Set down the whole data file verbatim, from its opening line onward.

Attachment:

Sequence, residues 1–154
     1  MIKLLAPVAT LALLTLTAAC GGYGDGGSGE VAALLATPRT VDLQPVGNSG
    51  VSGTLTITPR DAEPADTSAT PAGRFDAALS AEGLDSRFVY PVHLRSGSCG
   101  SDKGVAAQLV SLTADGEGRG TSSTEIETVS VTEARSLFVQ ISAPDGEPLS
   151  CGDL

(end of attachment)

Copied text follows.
Sequence, residues 1–154
     1  MIKLLAPVAT LALLTLTAAC GGYGDGGSGE VAALLATPRT VDLQPVGNSG
    51  VSGTLTITPR DAEPADTSAT PAGRFDAALS AEGLDSRFVY PVHLRSGSCG
   101  SDKGVAAQLV SLTADGEGRG TSSTEIETVS VTEARSLFVQ ISAPDGEPLS
   151  CGDL